Flow cytometry helps to tie protein involved in cystic fibrosis to emphysema, chronic lung disease

Researchers at Johns Hopkins Children’s Center have discovered that a protein involved in cystic fibrosis (CF) also regulates inflammation and cell death in emphysema and may be responsible for other chronic lung diseases, using flow cytometry and microscopy to determine the relationship.

The study indicates that the cystic fibrosis transmembrane conductance regulator (CFTR) protein, well known for its role in transporting chloride in and out of cells, is involved in immune regulation and immune response on a far wider scale. The research—conducted in mice and using lung tissue from people with and without emphysema—shows that those with lung damage from emphysema had less CFTR on the cell surface and that changes in the level of CFTR corresponded directly to disease severity. Decreases in CFTR also corresponded to increased buildup in the lung cells of a fatty molecule called ceramide, a well-known trigger of inflammation and cell death. So by regulating ceramide’s inflammation-causing activity, CFTR appears to be a watchdog for inflammation and cell death.

To elucidate the role played by cigarette smoking—the leading cause of emphysema—the researchers analyzed CFTR and ceramide levels in lung tissue obtained from non-smokers and from light and heavy former or current smokers. To further explore the link between cigarette smoke, CFTR and ceramide, the researchers compared lung tissue from mice with  lungs never exposed to smoke to tissue from the lungs of mice exposed to cigarette smoke for five hours a day over five days. The lungs of smoke-exposed mice had decreased CFTR expression and increased ceramide levels, thus confirming the role of cigarette smoke in lung damage. The heavier the smoking, the greater the lung damage, the lower the CFTR expression and the higher the ceramide accumulation, the researchers noted, clearly linking CFTR and ceramide levels to smoking history and disease severity.

The Hopkins team also explained just how CFTR causes ceramide to trigger lung-damaging inflammation. Analyzing lung cells from people and mice lacking CFTR in their cell membrane under a microscope and using flow cytometry, the scientists noticed increased clustering of ceramide molecules on sections of the cell membrane called lipid rafts, known to be hot spots where inflammatory signaling proteins congregate. This clustering, the researchers said, leads to increased inflammatory signaling, greater inflammation and cell damage, but cells with normal CFTR had no such clustering. Apparently, the researchers say, when functioning properly CFTR keeps a lid on the signaling activity of inflammatory receptors by preventing them from clustering, thus warding off inflammation and lung damage.

To further test their hypothesis, the researchers used two types of ceramide inhibitors to treat mice with lung damage caused by a bacterial infection. One of the inhibitors, FB1, successfully decreased ceramide buildup in mice with intact CFTR, but failed to stop ceramide accumulation in mice with absent CFTR, as is the case in CF. However, the other type of inhibitor, AMT, curbed ceramide activity in the mice with the absent CFTR, while failing to do so in those with decreased CFTR.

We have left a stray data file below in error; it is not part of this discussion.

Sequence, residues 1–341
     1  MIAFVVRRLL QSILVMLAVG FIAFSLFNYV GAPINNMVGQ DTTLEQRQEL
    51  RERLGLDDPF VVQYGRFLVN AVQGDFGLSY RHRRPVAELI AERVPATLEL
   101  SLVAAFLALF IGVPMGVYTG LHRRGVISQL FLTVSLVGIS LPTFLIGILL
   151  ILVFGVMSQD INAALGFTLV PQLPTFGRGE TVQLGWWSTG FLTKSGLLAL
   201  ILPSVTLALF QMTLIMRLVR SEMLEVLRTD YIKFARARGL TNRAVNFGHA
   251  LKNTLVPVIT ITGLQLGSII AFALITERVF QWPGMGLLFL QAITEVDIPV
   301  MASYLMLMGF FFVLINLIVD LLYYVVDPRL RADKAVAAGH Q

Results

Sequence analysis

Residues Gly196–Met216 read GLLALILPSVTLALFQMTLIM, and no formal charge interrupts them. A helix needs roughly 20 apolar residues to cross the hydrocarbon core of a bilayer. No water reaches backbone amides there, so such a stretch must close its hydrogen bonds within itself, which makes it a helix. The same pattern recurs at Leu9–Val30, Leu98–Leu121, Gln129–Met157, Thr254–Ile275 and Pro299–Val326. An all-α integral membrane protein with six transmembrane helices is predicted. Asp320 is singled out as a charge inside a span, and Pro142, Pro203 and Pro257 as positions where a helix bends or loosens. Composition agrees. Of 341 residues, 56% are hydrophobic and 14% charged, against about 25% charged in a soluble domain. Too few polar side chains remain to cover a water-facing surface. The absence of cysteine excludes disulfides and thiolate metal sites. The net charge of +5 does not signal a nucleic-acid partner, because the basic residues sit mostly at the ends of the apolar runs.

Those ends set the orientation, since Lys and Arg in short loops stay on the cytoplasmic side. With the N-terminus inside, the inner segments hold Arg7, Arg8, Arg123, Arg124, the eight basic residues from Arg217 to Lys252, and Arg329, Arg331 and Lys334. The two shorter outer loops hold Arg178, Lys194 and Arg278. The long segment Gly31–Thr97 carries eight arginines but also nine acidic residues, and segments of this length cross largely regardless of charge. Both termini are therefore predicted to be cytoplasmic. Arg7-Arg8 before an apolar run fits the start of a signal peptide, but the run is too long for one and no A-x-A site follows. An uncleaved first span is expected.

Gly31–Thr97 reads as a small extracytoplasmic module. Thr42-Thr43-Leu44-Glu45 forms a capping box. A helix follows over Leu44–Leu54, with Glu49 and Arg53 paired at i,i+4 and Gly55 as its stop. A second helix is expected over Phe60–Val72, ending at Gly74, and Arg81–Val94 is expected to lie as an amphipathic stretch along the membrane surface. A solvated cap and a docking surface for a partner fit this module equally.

The findings were published online in the December 2010 issue of The Journal of Immunology, and the National Institutes of Health and the Flight Attendant Medical Research Institute supported this work.

Source: Johns Hopkins Children's Center

-----

Posted by Lee Mather

Follow us on Twitter

Follow BioOptics World on your iPhone

Subscribe now to BioOptics World magazine; it's free!

Get All the BioOptics World News Delivered to Your Inbox

Subscribe to BioOptics World Magazine or email newsletter today at no cost and receive the latest news and information.

 Subscribe Now
Related Articles

Raman scattering method can detect pluripotent stem cells with high sensitivity

An extremely sensitive technique for detecting pluripotent stem cells is at the scale needed for clinical applications.

Fluorescent jellyfish proteins light up unconventional laser

Safer lasers to map your cells could soon be in the offing -- all thanks to the humble jellyfish. Conventional lasers, like the pointer you might use to entertain your cat, produce light by emittin...

Fluorescence microscopy helps provide new insight into how cancer cells metastasize

By using fluorescence microscopy, scientists have discovered an alternate theory on how some cancer cells metastasize.

In vivo imaging method visualizes bone-resorbing cell function in real time

In vivo imaging can visualize sites where osteoclasts (bone-resorbing cells) were in the process of resorbing bone.

BLOGS

Neuro15 exhibitors meet exacting demands: Part 2

Increasingly, neuroscientists are working with researchers in disciplines such as chemistry and p...

Why be free?

A successful career contributed to keeping OpticalRayTracer—an optical design software program—fr...

LASER Munich 2015 is bio-bent

LASER World of Photonics 2015 included the European Conferences on Biomedical Optics among its si...

White Papers

Understanding Optical Filters

Optical filters can be used to attenuate or enhance an image, transmit or reflect specific wavele...

How can I find the right digital camera for my microscopy application?

Nowadays, image processing is found in a wide range of optical microscopy applications. Examples ...

CONNECT WITH US

            

Twitter- BioOptics World

Copyright © 2007-2016. PennWell Corporation, Tulsa, OK. All Rights Reserved.PRIVACY POLICY | TERMS AND CONDITIONS